Enabling Good Lives has been such an exciting approach in being totally driven by outcomes for disabled people.

In 2010, I asked a group of leaders from the disability sector to take a blank piece of paper and come back to me with what daytime supports for disabled people should look like. They developed a vision for the whole system and said “This is what fundamentally needs to change to create good lives for disabled people and one of the underpinning principles is that disabled people and their families have greater choice and control over their supports and over their lives. That means they can decide for themselves what would work best for them to meet their aspirations.

The fact that Enabling Good Lives has come from the community, not from the government, is crucial.

Having said that, I’ve also been heartened by the strong support of my Ministerial colleagues in endorsing this approach.

In Christchurch, where the demonstration has been going for a year now, we already have a group of school-leavers who are starting to try new things with the opportunities offered by more flexible joined-up government funding.

It is just so moving to hear the stories of our young people leaving school and embracing the transition, not fearing it.

The new Waikato demonstration is an opportunity to try the Enabling Good Lives approach in quite a different context from Christchurch.

There is still a long way to go, but Enabling Good Lives is providing the direction. It’s important to me that it has been driven by disabled people, families and providers. That means, importantly, that it is going to continue beyond me.

The second key highlight is the Think Differently Campaign to promote positive attitudes and behaviours towards disabled people.

Budget 2010 provided $3.0 million over three years to invest in taking a social change approach to encourage thinking differently about disabled people. We extended the funding in Budget 2013 to $6 million over two years.

The campaign focuses on four key areas of change:
· access to goods and services
· employment
· increasing the belief of parents, family and friends in the ability of disabled people.
· supporting projects involving disabled Māori and Pacific people.

I have to say that I don’t see many Māori or Pacific people in this room. Is that the other unheard voices? I want to hear their voices too. They are represented in the numbers. They come to my table in small numbers and they need to be supported to be included.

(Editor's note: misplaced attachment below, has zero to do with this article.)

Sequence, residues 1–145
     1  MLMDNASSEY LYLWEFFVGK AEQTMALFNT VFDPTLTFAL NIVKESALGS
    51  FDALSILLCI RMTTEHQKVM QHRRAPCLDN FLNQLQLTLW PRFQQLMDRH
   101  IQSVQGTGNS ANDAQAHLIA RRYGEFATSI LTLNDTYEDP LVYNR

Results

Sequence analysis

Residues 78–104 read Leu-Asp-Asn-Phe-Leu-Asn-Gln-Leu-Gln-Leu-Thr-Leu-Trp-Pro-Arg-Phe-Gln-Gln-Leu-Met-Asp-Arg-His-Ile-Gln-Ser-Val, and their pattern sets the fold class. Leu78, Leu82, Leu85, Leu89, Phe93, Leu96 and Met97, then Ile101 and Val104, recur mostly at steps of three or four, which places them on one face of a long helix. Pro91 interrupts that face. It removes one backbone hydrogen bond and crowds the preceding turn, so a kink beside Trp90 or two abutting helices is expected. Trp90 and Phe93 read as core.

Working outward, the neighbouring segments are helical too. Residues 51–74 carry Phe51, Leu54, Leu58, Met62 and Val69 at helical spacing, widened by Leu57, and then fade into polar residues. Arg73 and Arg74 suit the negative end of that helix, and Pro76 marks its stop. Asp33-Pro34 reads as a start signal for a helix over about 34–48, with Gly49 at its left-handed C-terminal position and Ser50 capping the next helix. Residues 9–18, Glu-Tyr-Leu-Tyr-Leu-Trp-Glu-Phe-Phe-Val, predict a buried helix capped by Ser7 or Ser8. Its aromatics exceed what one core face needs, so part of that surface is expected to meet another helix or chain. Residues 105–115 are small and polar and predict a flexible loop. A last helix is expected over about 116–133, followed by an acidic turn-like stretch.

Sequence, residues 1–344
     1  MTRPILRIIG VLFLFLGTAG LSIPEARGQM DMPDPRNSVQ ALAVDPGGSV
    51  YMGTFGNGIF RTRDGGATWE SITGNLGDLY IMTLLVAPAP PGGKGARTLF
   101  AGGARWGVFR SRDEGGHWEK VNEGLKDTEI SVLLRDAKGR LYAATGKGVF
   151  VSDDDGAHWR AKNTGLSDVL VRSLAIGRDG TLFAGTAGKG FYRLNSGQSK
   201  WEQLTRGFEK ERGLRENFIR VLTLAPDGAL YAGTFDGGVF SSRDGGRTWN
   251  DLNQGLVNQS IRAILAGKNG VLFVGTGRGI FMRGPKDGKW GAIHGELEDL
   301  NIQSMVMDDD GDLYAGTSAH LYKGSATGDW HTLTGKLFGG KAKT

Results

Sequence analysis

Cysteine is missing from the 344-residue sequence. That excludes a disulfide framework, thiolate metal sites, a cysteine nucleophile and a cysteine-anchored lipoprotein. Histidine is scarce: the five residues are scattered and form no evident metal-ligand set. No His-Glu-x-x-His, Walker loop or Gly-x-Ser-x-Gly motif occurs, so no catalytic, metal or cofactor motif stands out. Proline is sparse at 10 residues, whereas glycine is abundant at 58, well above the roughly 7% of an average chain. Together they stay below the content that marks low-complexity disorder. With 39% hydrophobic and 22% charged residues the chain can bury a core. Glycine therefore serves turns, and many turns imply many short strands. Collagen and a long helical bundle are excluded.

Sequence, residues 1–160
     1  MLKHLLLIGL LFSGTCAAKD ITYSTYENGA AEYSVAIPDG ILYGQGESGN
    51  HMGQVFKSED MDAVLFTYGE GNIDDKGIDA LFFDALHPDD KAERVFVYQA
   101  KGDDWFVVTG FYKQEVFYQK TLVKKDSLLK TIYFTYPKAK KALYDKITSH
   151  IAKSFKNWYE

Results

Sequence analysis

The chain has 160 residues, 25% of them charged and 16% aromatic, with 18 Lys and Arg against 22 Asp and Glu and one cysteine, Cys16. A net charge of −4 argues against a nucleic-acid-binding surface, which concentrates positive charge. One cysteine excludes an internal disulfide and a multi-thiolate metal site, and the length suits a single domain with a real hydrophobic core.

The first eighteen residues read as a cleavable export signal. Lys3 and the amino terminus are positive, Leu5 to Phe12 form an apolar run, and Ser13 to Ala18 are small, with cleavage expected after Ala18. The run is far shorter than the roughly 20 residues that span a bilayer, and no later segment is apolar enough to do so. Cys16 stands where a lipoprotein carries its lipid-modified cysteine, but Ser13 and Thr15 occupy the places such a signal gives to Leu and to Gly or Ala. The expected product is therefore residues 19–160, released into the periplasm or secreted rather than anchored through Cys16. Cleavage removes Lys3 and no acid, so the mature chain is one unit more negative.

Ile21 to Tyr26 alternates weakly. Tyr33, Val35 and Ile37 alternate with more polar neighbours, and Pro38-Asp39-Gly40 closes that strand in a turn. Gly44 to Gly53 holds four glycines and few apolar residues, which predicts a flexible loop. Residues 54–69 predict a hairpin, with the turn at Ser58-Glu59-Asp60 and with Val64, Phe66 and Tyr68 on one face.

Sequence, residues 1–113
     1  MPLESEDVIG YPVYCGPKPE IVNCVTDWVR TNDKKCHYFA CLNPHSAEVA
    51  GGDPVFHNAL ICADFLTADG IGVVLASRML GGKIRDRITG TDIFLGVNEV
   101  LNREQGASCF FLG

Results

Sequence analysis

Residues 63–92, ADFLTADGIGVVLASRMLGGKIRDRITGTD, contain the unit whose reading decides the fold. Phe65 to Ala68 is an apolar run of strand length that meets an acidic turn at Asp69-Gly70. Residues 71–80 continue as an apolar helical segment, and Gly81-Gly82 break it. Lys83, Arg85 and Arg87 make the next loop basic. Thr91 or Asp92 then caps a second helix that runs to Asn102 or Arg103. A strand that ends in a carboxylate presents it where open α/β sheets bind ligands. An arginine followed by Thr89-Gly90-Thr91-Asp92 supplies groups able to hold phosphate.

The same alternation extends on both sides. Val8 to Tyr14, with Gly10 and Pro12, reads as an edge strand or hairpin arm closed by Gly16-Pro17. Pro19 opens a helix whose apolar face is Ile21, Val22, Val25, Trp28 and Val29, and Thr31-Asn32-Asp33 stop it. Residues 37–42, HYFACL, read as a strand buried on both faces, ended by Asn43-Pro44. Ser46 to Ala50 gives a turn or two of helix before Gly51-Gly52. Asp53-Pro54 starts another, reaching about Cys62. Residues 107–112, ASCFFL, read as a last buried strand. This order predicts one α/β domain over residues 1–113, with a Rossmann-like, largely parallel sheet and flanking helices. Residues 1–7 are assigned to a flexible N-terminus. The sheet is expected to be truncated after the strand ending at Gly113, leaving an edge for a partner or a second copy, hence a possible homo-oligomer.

The third highlight has been a new way of working together to set priorities via the new Disability Action Plan.

Truly, I am impressed at how government agencies stepped up and fully embraced a collaborative approach with the seven lead Disabled People’s Organisations, including DPA.

The result, is a clear vision of achieving equal rights of citizenship.

There are five person-driven outcomes that represent what disabled people say matters the most to them - with four shared result areas where Ministers expect to see progress happen over the next four years. These result areas provide consistent direction to government agencies.

The value and richness gained from having the lived experience of disability represented directly to government agencies in the start of policy development is very clear to me.

A new action in the Disability Action Plan, is to do with the issues impacting on disabled people’s exercise of their legal capacity consistent with Article 12 of the Convention.

Article 12 is fundamental to realising many other rights, and reflects the shift in thinking of disabled people from being passive recipients of services to citizens with rights and the ability to act.

The area of legal capacity is a challenge globally.

Many other countries look enviously at New Zealand and what we can do when we put our minds to something. We need to do more.